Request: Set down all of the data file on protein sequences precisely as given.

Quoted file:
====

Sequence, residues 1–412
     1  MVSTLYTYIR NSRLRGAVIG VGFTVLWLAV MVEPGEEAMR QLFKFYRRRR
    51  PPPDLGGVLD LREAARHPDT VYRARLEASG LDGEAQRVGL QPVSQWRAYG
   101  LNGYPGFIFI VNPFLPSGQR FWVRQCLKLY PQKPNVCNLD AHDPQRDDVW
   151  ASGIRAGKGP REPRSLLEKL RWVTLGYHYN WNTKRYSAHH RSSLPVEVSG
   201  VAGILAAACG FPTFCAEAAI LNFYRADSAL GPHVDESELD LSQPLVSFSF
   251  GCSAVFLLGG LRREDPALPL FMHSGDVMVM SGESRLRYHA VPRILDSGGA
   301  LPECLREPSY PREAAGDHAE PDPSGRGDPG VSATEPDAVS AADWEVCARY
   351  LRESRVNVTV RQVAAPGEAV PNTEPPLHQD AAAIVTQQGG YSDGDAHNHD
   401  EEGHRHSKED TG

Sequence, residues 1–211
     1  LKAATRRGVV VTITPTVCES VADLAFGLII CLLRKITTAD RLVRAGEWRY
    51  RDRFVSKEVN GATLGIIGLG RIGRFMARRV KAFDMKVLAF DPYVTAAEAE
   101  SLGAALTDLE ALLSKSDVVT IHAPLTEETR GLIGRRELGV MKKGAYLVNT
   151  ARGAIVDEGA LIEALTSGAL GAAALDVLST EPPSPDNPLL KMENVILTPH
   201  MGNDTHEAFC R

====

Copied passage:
Sequence, residues 1–412
     1  MVSTLYTYIR NSRLRGAVIG VGFTVLWLAV MVEPGEEAMR QLFKFYRRRR
    51  PPPDLGGVLD LREAARHPDT VYRARLEASG LDGEAQRVGL QPVSQWRAYG
   101  LNGYPGFIFI VNPFLPSGQR FWVRQCLKLY PQKPNVCNLD AHDPQRDDVW
   151  ASGIRAGKGP REPRSLLEKL RWVTLGYHYN WNTKRYSAHH RSSLPVEVSG
   201  VAGILAAACG FPTFCAEAAI LNFYRADSAL GPHVDESELD LSQPLVSFSF
   251  GCSAVFLLGG LRREDPALPL FMHSGDVMVM SGESRLRYHA VPRILDSGGA
   301  LPECLREPSY PREAAGDHAE PDPSGRGDPG VSATEPDAVS AADWEVCARY
   351  LRESRVNVTV RQVAAPGEAV PNTEPPLHQD AAAIVTQQGG YSDGDAHNHD
   401  EEGHRHSKED TG

Sequence, residues 1–211
     1  LKAATRRGVV VTITPTVCES VADLAFGLII CLLRKITTAD RLVRAGEWRY
    51  RDRFVSKEVN GATLGIIGLG RIGRFMARRV KAFDMKVLAF DPYVTAAEAE
   101  SLGAALTDLE ALLSKSDVVT IHAPLTEETR GLIGRRELGV MKKGAYLVNT
   151  ARGAIVDEGA LIEALTSGAL GAAALDVLST EPPSPDNPLL KMENVILTPH
   201  MGNDTHEAFC R